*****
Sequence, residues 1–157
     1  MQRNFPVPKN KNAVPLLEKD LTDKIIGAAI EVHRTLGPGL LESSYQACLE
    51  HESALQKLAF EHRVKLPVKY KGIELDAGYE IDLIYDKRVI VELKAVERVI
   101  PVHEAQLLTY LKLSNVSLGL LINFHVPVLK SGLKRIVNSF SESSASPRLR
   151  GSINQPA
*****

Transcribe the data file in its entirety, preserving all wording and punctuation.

Sequence, residues 1–157
     1  MQRNFPVPKN KNAVPLLEKD LTDKIIGAAI EVHRTLGPGL LESSYQACLE
    51  HESALQKLAF EHRVKLPVKY KGIELDAGYE IDLIYDKRVI VELKAVERVI
   101  PVHEAQLLTY LKLSNVSLGL LINFHVPVLK SGLKRIVNSF SESSASPRLR
   151  GSINQPA